BEYOND THE NUMBERS
The open enrollment period to sign up for individual health insurance in the Affordable Care Act (ACA) marketplaces is over, but many of those enrolled in 2017 still have time to enroll for 2018. Consumers who were enrolled at the end of 2017 and couldn’t stay in their plans in 2018 due to plan cancellation are eligible for a special enrollment period lasting until March 1. Because there was significant turnover in insurer participation this year, with some major insurers ending or scaling back their participation in the ACA marketplaces, many consumers are in this position, meaning they can still sign up for coverage or switch plans.
Hundreds of thousands of consumers with cancelled plans can likely still enroll, Bloomberg estimates. In 120 counties, every insurance company that participated in the ACA marketplaces in 2017 exited them in 2018, and in about half of all U.S. counties at least one insurer that participated in 2017 left the market in 2018, according to Bloomberg. Some consumers in all counties in Delaware, Idaho, Indiana, Kansas, Maine, Maryland, Massachusetts, Nebraska, Nevada, New Hampshire, North Dakota, and Ohio are likely eligible to enroll until March 1, as are consumers in at least some counties in Arizona, California, Colorado, Florida, Georgia, Illinois, Iowa, Kentucky, Louisiana, Michigan, Minnesota, Mississippi, Missouri, New York, Oregon, Pennsylvania, Tennessee, Texas, Utah, Virginia, Washington, and Wisconsin.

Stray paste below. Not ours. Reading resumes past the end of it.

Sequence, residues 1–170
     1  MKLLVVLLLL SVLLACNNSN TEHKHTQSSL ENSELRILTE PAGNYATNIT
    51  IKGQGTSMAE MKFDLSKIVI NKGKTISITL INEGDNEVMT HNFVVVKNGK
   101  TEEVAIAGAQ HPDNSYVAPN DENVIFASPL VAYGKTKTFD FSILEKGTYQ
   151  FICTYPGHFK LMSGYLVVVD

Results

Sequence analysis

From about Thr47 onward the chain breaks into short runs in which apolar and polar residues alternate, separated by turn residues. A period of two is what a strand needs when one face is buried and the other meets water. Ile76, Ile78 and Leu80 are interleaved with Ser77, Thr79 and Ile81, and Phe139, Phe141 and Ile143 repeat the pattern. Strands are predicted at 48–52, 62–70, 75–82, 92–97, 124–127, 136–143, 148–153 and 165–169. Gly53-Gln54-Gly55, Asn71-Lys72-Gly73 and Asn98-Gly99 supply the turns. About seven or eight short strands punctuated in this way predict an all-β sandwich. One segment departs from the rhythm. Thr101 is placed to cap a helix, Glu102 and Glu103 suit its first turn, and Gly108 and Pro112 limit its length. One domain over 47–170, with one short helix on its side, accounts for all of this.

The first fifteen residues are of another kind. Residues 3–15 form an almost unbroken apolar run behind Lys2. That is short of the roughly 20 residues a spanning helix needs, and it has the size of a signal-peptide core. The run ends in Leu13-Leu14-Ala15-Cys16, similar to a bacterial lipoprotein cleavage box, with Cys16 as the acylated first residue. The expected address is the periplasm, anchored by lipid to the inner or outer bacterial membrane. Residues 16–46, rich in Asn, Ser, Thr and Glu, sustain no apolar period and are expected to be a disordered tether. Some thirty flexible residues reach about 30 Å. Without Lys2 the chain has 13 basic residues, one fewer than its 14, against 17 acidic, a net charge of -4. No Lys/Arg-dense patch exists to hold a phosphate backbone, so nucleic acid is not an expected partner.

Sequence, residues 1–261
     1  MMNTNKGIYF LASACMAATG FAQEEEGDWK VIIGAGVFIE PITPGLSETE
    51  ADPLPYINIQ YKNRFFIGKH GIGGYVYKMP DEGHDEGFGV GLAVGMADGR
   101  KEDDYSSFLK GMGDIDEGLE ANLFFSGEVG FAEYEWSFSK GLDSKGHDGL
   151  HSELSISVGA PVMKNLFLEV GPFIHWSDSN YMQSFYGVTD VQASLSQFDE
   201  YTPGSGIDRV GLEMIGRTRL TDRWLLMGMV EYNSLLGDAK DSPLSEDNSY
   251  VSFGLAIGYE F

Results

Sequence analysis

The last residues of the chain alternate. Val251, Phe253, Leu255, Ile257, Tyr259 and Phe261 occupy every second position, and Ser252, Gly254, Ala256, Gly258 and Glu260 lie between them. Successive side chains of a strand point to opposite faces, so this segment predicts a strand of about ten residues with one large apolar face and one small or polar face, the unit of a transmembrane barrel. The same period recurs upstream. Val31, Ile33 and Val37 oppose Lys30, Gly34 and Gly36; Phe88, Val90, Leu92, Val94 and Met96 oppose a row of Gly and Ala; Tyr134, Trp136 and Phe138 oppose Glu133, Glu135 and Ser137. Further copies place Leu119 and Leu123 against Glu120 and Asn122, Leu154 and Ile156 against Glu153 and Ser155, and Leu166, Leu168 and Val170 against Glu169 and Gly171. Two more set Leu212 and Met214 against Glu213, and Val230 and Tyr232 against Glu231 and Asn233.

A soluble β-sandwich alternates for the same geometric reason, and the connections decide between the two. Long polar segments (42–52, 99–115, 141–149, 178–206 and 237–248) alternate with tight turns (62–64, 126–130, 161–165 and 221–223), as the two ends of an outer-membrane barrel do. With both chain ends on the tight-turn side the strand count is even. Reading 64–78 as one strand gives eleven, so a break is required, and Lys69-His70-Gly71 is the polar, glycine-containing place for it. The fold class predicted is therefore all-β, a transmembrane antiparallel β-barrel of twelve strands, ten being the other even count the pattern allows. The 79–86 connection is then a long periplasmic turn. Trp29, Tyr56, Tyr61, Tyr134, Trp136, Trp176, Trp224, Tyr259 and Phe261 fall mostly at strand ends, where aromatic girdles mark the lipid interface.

Through a special enrollment period, all consumers whose 2017 plans were cancelled as of January 1, 2018 can return to the marketplace and select a new plan. Some consumers have already selected a plan for 2018, but many consumers are unaware of their options. Most who took no action during open enrollment were automatically enrolled in other plans starting January 1, but those plans may not meet their health or budget needs. These consumers still have time to return to the marketplace and select a different plan for 2018.
Those who were affected by the hurricanes in Puerto Rico and the U.S. Virgin Islands last fall and have moved to states that use HealthCare.gov are also eligible to enroll under a special enrollment period until the end of March. Other consumers may also be eligible for a special enrollment period due to life changes, such as those who lose health coverage, or families that experience a household change like marriage or a new baby.